• Sanskriti IAS - अखिल मूर्ति के निर्देशन में

On data protection provisos

  • 25th November, 2021

(Mains GS 3 : Challenges to internal security through communication networks, role of media and social networking sites in internal security challenges, basics of cyber security)

Context:

  • The joint parliamentary committee (JPC) reviewing the proposed Personal Data Protection Bill (PDPB), 2019  finalised its report recently.

The background:

  • It has been more than three years since a draft Bill on personal data protection was crafted by the Justice Srikrishna Committee of experts and submitted to the Ministry of Electronics and Information Technology in 2018.
  • The Joint Parliamentary Committee (JPC) was set up in 2019 to take up the personal data protection bill after parliamentarians were divided over several provisions of the law meant to give a legal shape to the Right to Privacy after it was made a fundamental right by the Supreme Court in 2017.

Key suggestions:

  • The draft suggests stricter compliance requirements for companies while adding or tweaking clauses that provide for lighter obligations on government agencies.
  • Draft also recommends that State have greater say in the legal mechanism that will be set up to safeguard personal and non-personal data.
  • Companies will need to report a data breach within 72 hours, mandatorily disclose if information relating to a data principal (person or entity that owns the data) is passed on to someone else, and appoint senior management personnel as data protection officers who will ultimately be held responsible for lapses or violations.
  • The rule about mandatory disclosure of third party sharing to the data principal need not be made in case it is for State functions (such as for offering benefits, or maintaining law and order) or to comply with a court order.
  • Government departments will also be allowed to carry out an in-house inquiry to fix responsibility in the event of a leak.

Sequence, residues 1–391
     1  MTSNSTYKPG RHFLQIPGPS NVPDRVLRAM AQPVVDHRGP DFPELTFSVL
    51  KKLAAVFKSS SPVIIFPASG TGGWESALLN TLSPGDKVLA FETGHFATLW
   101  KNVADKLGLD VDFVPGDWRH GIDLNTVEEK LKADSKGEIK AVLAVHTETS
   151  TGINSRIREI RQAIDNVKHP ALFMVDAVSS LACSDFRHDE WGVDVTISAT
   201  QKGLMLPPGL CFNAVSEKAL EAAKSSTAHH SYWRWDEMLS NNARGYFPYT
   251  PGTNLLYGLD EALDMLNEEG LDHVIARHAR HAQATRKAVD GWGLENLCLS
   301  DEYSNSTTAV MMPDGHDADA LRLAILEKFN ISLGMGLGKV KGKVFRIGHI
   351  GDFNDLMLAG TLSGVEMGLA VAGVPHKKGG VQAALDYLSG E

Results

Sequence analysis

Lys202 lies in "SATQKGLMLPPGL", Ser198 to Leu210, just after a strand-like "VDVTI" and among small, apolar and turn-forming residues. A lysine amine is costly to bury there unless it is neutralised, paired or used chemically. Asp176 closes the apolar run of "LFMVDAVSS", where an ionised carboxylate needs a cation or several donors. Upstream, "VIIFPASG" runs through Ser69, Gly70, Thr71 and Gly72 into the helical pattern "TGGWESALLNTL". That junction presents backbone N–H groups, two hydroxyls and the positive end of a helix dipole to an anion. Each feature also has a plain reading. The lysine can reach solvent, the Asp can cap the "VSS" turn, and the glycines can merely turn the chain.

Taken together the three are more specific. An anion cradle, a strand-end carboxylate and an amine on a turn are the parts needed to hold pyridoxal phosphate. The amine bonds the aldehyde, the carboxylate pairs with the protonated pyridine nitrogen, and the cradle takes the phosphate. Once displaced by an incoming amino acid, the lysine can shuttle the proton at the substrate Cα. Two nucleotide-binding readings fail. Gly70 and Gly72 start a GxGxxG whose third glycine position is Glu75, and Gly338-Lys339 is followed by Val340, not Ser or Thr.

The dissent notes:

  • The draft falls short of the standards set by the Justice Srikrishna Committee to build a legal framework based on the landmark judgment, Justice K.S. Puttaswamy vs Union of India, on privacy. 
  • The key divergences from the Justice Srikrishna Committee’s draft Bill are in the selection of the chairperson and members of the Data Protection Authority (DPA) which shall protect the interests of data principals and the leeway provided to the Union government to exempt its agencies from the application of the Act.
  • While the 2018 draft Bill allowed for judicial oversight, the 2019 Bill relies entirely on members of the executive government in the selection process for the DPA.
  • As JPC member from the Rajya Sabha, Jairam Ramesh points out to the dangers of exemption on the grounds of “public order” as it is susceptible to misuse and not limited to “security of the state” which is recognised by other data regulations such as Europe’s General Data Protection Regulation as a viable reason for exemption.

Acquiring informed consent:

  • The 2018 Bill allowed for exemptions to be granted to state institutions from acquiring informed consent from data principals or to process data in the case of matters relating only to the “security of the state”.
  • It also called for a law to provide for “parliamentary oversight and judicial approval of non-consensual access to personal data”.
  • The 2019 Bill adds “public order” as a reason to exempt an agency of the Government from the Act, besides only providing for those reasons to be recorded in writing.

Set principles:

  • In October 2021, the Global Privacy Assembly, featuring Privacy Commissioners from over 19 countries including those from the European Union, Japan and the U.K., came up with a clear resolution on principles for government access to personal data. 
  • In its resolution, the Assembly asked for a set of principles on legal basis, the need for clear and precise rules, proportionality and transparency, data subject rights, independent oversight, and effective remedies and redress to the individuals affected. 

Conclusion:

  • The JPC’s adoption of the draft Bill has fallen short of standards protecting privacy rights of individuals against blanket misuse by the state.
  • Thus, the Parliament needs to tighten the provisions further and bring them in conformance with the 2018 Bill.
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